Budget Travel – Nepal
Kristina and I are fortunate enough to have quite a bit of time to travel but making sure we can sustain it budget-wise for as long as we want will always be a challenge! Even before we departed, we have put together a massive spreadsheet where we attempted to estimate how much we are going to spend in each country so we have more certainty about what we can and can’t afford. There is no doubt we will have all sorts of mishaps and situations where spending additional is unavoidable but I still think (especially if you want to travel on a budget) failing to plan is planning to fail.
For this reason, I have put together a list of (realistic not anticipated) prices to help you budget your trip or simply avoid overpaying while in Kathmandu, Nepal. It is worth mentioning that during our stay (more here) we resided in Thamel which is one of the most touristy areas which means prices will be slightly inflated.
It is worth mentioning that hotels and some bigger places might accept bank cards although this is not guaranteed and even if they do additional charges for card transactions are not unusual. Taking out cash from the ATMs are 500Rs (£3.3) per withdrawal plus your bank fee if there is one. We found that exchanging cash (all major currencies should be okay) in exchange points in town might just be the best option as rates (at the time of writing) offered at the exchange points are only 1-2% worse than the official rate.
PS. In our case we did not have much cash on us and Revolut which has already helped us in Instambul and Dubai does not have Nepalese Rupee, so we just had to use a regular UK debit card to withdraw cash.
Note: 1 GBP = 150Rs, 1 EUR = 130Rs, 1 USD = 110Rs (October 2018)
Taxis are quick and affordable in Nepal. Consider buses for travel between cities and rickshaws while out and about if you are not fancy walking.
Taxi from airport to Thamel – 500Rs (£3.3)
Taxi Thamel to Kopan Monastery – 500Rs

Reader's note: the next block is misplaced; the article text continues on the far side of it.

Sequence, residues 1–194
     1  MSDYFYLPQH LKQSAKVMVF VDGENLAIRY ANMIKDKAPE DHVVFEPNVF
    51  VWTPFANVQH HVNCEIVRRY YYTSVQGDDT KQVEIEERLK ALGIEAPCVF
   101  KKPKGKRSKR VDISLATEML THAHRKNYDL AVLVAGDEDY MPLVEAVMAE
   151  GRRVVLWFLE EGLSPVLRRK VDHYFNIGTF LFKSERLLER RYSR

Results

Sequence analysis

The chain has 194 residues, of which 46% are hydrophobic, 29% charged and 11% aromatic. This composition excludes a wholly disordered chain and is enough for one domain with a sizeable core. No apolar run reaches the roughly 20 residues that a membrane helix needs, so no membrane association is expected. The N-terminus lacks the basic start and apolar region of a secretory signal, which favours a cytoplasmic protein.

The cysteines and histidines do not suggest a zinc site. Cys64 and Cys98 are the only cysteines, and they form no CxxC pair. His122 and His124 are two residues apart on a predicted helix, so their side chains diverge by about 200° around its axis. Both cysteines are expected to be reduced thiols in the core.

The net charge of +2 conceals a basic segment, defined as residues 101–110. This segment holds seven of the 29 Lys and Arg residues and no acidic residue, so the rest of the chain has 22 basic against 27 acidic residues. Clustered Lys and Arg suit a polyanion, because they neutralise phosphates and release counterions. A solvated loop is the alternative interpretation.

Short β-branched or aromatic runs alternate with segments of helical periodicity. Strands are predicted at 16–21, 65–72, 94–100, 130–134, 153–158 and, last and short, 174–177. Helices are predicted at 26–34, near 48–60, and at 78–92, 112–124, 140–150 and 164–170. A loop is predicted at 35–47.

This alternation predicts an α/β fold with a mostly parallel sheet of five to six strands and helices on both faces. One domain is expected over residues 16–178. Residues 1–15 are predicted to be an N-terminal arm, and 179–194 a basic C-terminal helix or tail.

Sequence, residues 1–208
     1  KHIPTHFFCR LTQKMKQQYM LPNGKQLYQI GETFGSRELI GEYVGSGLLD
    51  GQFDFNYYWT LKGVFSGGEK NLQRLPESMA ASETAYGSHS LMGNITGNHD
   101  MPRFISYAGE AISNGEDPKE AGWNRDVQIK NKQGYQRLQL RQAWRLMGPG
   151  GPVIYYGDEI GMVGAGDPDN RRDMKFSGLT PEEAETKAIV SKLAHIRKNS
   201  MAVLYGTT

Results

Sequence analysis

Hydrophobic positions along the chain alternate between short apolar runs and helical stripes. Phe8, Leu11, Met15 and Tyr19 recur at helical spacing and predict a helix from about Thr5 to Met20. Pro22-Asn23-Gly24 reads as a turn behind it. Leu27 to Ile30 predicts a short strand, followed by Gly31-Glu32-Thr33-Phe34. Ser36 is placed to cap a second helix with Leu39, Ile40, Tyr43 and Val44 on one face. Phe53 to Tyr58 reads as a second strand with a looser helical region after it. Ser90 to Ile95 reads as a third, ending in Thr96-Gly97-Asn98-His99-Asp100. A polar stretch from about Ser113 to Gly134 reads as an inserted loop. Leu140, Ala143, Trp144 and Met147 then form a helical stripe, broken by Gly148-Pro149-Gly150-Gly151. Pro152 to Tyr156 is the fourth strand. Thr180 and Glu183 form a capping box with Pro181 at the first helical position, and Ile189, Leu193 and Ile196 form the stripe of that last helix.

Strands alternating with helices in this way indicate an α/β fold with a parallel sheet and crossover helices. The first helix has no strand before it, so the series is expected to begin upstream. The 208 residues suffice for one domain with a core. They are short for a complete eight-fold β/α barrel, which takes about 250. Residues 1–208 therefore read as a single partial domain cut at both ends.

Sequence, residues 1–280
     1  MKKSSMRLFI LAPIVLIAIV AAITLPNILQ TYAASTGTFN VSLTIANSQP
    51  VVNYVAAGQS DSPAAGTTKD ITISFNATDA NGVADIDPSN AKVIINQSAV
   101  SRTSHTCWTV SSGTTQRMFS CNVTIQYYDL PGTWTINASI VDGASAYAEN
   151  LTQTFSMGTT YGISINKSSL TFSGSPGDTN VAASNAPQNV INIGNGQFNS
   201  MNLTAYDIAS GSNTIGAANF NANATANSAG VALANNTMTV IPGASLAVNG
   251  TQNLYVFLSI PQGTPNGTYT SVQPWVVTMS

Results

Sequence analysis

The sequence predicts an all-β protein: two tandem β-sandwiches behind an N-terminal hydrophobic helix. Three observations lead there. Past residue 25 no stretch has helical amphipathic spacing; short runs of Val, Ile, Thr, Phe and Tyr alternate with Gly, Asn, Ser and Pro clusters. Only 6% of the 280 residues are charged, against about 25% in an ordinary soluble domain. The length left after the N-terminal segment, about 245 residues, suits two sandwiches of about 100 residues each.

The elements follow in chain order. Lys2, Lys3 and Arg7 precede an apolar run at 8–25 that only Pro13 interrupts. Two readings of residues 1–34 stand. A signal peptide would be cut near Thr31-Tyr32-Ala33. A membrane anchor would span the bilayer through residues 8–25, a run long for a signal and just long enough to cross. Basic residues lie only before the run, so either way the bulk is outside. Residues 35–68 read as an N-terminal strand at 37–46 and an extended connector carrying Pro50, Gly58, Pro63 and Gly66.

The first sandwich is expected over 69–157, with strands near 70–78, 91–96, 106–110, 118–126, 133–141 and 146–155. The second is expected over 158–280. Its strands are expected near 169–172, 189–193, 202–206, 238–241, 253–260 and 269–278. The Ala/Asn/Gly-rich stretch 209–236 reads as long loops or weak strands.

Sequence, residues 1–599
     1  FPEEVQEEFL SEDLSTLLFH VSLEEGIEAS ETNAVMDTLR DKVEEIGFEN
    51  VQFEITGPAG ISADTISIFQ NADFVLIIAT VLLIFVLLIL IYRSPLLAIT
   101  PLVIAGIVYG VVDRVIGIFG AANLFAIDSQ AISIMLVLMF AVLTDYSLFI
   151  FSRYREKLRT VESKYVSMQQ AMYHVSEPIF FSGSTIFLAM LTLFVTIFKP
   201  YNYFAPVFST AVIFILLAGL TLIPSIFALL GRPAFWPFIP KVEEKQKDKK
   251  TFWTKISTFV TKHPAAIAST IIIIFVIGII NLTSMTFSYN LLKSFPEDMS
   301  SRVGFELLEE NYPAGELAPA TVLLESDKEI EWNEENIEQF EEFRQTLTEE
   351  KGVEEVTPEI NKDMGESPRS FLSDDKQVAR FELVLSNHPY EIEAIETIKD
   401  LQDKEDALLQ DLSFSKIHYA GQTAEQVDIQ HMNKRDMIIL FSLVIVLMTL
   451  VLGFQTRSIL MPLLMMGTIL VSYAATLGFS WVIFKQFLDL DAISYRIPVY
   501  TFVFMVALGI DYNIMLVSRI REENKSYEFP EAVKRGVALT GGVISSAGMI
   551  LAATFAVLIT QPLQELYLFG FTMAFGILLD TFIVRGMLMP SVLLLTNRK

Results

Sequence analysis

Taxi Thamel to Patan Durbar Square – 500Rs
Taxi Thamel to Swoyambhunath – 300Rs (£2)
Tip: Always negotiate the price in advance and don’t just accept what you are first told – google the location you want to go to and check the distance. You won’t be miles off if you use a rule of thumb where 1km = 100Rs or 1mile = 150Rs.
Hotel room with private bathroom (budget) – 750Rs – 1500Rs a night (£5 – £10)
Bunk bed – 150Rs – 450Rs a night (£1 – £3)
Note: Prices are for budget hotels or hostels in Thamel. Prices can vary depending on location if trekking.
Meal (budget restaurant per person) – 200Rs – 600Rs (£1.3 – £4)
Himalayan tea – 70Rs (£0.5)
Bottle of water (1l) – 15Rs (£0.1)
Local beer (budget restaurant) – 400Rs (£2.3)
Local spirits (60ml, budget restaurant) – 200-300Rs (£1.3 – £2)
Note: Can be significantly higher if trekking or in popular tourist destinations. An easy way to save a bit of money is to always have a refillable bottle of water and avoid alcohol which seems pricey compared to everything else.
Tourist destination entrance fees
Kathmandu Durbar square – 1000Rs (£6.7)
Patan Durbar square – 1000Rs
Swoyambhunath Stupa – 200Rs (£1.3)
The Garden of Dreams – 200Rs
Guide – 3000Rs a day (£20)
Porter – 2500Rs a day (£17)
Note: Assuming treks are arranged locally and not via international travel companies you would find online. Prices should include accommodation and food for your guide/porter. You might be able to get even better prices if you are good at bargaining!
Meditation course (10 days in Kopan Monastery with food and accommodation included) – $150 or around 17500Rs (£117)
Visa – $40 for 30 days (or approximately £30)
In conclusion, staying in Kathmandu/Nepal is affordable even for budget travellers. If you are not going trekking, you could easily get by with 2500Rs (£16 / €20 / $23) per day. Having said that, trekking is probably one of the main reasons why people come to Nepal and if that is the case you need to allow extra.
As an example this is the indicative budget for a 2 week trip to Nepal from the UK for 1 person including a 1 week long trek.
Example on the left does not include insurance – this will be highly dependent on the duration and the level of cover you think is appropriate. If you are going trekking, always check your policy includes trekking to the elevations you expect to go to. Note that some insurance policies exclude helicopter rescue so check that yours does – if there was an emergency it could set you back $5000 or more which if traveling on a budget could mean a quick end to your trip.
*Similarly to insurance, costs of air travel (flights) will depend on the season as well as where you are flying from. In this example I used an indicative price of a return flight from the UK of £500.
Total = ~£1100 or just under £80 a day.